News: The Oliver twins have defended their decision to request 350,000 big ones to crowdfund a new Dizzy game.
With 24-days left on the clock, the Dizzy Returns Kickstarter campaign has made just shy of £17,000 of the £350,000 the Oliver twins hope to raise. That’s a big number, particularly in terms of Kickstarter. To put it into crowdfunding perspective, were Maia and Sir, You Are Being Hunted to end at the time of writing (and with Strike Suit Zero thrown in for good measure), combined the three games would have made roughly £20,000 less than the total figure the Oliver twins are requesting to fund Dizzy Returns. So what’s the deal? The Oliver twins have explained their decision on the Dizzy Returns Kickstarter page.
“At first glance it sounds like a lot of money to develop a game. Saying that, teams of hundreds of people at large studios create AAA titles for consoles and PC and spend tens of millions of dollars in the process. It’s also true that games can be made on a much smaller budget. There are independent developers creating mobile games for a fraction of that cost, sometimes individually or in small teams of just a handful of people. Our company, Blitz Games Studios, is somewhere in the middle of those two extremes, employing over 200 talented and creative people, with game teams typically made up of anywhere between 10 and 70 people.”
“At its very simplest the cost of making any game is a combination of content, people and time; the more content there is in a game, the more people working on it and the more time spent adding and polishing features will always mean a higher cost. We believe that £350,000 is a realistic amount that reflects the number of people, the amount of time, and the amount of content we want to dedicate to Dizzy Returns.”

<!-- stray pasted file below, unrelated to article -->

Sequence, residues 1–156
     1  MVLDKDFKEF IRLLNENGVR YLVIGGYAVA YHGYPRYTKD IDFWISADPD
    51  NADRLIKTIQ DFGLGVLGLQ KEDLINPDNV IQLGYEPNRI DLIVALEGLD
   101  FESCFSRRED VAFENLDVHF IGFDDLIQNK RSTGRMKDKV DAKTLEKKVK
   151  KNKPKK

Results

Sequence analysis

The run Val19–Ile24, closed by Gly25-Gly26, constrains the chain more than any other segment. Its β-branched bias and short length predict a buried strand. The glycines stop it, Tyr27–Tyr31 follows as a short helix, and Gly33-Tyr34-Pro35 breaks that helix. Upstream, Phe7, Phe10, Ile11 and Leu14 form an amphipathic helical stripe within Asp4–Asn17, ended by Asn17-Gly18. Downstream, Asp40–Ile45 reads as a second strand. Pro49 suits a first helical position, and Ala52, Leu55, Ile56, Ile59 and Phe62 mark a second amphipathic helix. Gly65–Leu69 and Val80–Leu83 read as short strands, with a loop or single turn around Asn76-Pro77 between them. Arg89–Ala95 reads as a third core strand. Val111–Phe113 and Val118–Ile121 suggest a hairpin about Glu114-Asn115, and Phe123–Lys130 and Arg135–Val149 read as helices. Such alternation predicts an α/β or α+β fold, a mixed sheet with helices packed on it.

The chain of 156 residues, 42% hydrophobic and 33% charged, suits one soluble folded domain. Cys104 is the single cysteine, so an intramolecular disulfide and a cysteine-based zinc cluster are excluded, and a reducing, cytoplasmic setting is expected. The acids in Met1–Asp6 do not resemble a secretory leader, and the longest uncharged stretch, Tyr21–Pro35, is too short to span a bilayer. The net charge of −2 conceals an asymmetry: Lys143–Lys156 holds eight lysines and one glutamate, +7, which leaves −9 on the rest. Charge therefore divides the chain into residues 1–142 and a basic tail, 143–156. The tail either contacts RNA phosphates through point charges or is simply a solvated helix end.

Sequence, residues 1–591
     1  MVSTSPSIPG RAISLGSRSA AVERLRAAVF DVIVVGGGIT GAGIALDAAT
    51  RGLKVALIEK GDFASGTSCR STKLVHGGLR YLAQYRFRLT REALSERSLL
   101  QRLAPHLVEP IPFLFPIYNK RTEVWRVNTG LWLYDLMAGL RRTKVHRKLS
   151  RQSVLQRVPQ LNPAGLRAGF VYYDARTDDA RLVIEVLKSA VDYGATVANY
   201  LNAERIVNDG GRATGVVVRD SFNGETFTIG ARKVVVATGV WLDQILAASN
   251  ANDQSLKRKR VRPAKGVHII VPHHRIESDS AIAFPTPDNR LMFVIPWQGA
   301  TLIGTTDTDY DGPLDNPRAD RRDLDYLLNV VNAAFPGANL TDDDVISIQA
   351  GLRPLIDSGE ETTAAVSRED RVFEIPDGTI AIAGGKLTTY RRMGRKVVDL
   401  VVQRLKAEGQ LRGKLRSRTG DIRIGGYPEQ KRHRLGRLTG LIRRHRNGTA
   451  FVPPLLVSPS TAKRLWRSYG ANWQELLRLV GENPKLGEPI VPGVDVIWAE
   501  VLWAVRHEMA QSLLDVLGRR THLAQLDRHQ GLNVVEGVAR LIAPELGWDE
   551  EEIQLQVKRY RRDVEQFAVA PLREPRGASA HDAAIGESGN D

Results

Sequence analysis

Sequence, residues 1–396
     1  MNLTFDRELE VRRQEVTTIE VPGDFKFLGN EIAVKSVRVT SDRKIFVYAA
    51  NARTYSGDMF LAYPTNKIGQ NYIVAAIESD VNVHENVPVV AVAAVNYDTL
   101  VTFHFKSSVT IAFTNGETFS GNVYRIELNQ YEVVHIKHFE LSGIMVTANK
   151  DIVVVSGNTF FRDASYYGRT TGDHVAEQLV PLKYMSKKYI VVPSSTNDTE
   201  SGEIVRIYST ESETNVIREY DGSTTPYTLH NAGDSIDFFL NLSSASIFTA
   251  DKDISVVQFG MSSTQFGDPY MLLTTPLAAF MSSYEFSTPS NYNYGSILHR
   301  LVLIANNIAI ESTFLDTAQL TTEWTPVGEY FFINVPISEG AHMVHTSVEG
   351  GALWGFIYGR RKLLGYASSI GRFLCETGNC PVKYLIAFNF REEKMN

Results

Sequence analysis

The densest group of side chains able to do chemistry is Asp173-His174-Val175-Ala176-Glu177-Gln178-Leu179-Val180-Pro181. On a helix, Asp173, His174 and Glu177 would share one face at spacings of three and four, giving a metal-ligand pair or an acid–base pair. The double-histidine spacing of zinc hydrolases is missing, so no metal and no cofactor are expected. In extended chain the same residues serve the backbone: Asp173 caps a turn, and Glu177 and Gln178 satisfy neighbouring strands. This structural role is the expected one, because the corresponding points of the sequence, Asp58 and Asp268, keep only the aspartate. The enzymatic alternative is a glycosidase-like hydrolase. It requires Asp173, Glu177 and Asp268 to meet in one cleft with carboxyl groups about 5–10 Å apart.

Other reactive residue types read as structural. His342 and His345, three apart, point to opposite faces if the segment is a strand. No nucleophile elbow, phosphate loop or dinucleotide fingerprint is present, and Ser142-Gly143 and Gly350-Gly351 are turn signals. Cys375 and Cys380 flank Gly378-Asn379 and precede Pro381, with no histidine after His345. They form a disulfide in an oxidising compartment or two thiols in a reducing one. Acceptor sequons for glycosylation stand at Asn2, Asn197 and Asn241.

The pair are likely using Kickstarter as a means to gauge interest in a new Dizzy game without financial risk, but it reeks of over-ambition. The Olivers claim 12 people will work on Dizzy Returns; that it will be five times larger than the original games with console-quality graphics, professional voice-over work and at least ten self-contained areas stretching out from a central hub world. It sounds big, but does a nostalgia project like this need to be?
The duo also talk about the puzzles they plan to incorporate into Dizzy Returns.
“We also want to include a variety of fantastic new types of puzzles. Physics based (balancing a scale with items of the correct weight in order to open a door), light (using a magnifying glass to start a fire using the sun’s rays) and also time (the ghost will only appear in the Haunted Woods at night). Obviously these are just basic examples of these mechanics – imagine what puzzles containing all three would be like…”
Oh, I don’t know guys, 2002?